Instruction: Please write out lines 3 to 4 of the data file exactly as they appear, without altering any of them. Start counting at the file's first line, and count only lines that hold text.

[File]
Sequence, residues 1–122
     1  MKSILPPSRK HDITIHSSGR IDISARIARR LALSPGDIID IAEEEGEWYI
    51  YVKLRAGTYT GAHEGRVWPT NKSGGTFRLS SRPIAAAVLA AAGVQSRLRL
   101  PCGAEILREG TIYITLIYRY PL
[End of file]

    51  YVKLRAGTYT GAHEGRVWPT NKSGGTFRLS SRPIAAAVLA AAGVQSRLRL
   101  PCGAEILREG TIYITLIYRY PL